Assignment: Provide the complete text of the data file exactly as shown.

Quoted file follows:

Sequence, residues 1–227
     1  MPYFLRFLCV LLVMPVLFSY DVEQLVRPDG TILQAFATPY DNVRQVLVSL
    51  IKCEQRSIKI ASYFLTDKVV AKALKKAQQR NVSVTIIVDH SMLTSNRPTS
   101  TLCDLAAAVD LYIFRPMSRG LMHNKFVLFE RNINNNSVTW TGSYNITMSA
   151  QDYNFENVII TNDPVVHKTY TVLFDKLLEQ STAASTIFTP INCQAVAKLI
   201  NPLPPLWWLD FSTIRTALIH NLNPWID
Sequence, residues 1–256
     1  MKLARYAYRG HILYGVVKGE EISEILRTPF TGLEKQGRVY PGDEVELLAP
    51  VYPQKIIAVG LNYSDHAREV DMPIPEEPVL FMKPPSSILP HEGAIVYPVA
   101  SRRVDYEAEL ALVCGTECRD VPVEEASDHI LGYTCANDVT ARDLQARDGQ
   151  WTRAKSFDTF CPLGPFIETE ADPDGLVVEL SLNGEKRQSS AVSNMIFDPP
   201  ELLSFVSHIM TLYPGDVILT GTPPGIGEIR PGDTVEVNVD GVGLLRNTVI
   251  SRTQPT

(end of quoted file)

Sequence, residues 1–227
     1  MPYFLRFLCV LLVMPVLFSY DVEQLVRPDG TILQAFATPY DNVRQVLVSL
    51  IKCEQRSIKI ASYFLTDKVV AKALKKAQQR NVSVTIIVDH SMLTSNRPTS
   101  TLCDLAAAVD LYIFRPMSRG LMHNKFVLFE RNINNNSVTW TGSYNITMSA
   151  QDYNFENVII TNDPVVHKTY TVLFDKLLEQ STAASTIFTP INCQAVAKLI
   201  NPLPPLWWLD FSTIRTALIH NLNPWID
Sequence, residues 1–256
     1  MKLARYAYRG HILYGVVKGE EISEILRTPF TGLEKQGRVY PGDEVELLAP
    51  VYPQKIIAVG LNYSDHAREV DMPIPEEPVL FMKPPSSILP HEGAIVYPVA
   101  SRRVDYEAEL ALVCGTECRD VPVEEASDHI LGYTCANDVT ARDLQARDGQ
   151  WTRAKSFDTF CPLGPFIETE ADPDGLVVEL SLNGEKRQSS AVSNMIFDPP
   201  ELLSFVSHIM TLYPGDVILT GTPPGIGEIR PGDTVEVNVD GVGLLRNTVI
   251  SRTQPT